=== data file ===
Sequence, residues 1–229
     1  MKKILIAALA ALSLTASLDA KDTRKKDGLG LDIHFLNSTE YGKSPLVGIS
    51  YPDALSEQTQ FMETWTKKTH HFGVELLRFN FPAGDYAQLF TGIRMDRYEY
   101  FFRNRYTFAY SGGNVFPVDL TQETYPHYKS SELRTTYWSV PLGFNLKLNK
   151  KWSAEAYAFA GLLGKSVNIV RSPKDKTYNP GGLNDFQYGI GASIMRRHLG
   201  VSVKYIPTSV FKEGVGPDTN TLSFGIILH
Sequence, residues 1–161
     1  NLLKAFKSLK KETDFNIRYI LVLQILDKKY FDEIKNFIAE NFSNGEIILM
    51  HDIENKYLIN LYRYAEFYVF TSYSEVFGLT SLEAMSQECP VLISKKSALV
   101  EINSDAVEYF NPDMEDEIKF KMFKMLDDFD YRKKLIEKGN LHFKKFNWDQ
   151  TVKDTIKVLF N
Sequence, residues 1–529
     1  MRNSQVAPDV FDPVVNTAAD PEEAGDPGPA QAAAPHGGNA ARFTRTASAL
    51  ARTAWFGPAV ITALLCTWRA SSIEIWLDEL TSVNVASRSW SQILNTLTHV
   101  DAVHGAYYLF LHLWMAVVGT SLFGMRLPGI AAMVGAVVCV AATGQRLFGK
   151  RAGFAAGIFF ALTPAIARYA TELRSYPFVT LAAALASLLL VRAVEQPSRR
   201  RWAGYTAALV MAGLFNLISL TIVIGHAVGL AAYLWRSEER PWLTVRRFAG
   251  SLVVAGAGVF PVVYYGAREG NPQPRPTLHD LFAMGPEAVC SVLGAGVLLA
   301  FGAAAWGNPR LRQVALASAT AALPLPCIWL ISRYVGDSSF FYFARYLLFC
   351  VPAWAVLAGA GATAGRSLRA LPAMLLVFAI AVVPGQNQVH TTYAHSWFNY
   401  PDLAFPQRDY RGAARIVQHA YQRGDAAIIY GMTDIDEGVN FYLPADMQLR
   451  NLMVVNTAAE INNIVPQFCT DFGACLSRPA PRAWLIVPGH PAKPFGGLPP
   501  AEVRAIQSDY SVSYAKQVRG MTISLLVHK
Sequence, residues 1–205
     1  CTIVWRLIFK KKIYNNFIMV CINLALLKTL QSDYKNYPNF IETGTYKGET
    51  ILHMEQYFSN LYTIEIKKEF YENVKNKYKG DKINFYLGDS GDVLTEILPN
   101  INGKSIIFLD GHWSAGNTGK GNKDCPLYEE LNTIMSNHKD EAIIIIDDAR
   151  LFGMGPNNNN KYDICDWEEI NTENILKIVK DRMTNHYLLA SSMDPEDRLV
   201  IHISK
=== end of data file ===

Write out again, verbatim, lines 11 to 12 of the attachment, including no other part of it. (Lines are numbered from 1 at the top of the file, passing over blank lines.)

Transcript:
   151  TVKDTIKVLF N
Sequence, residues 1–529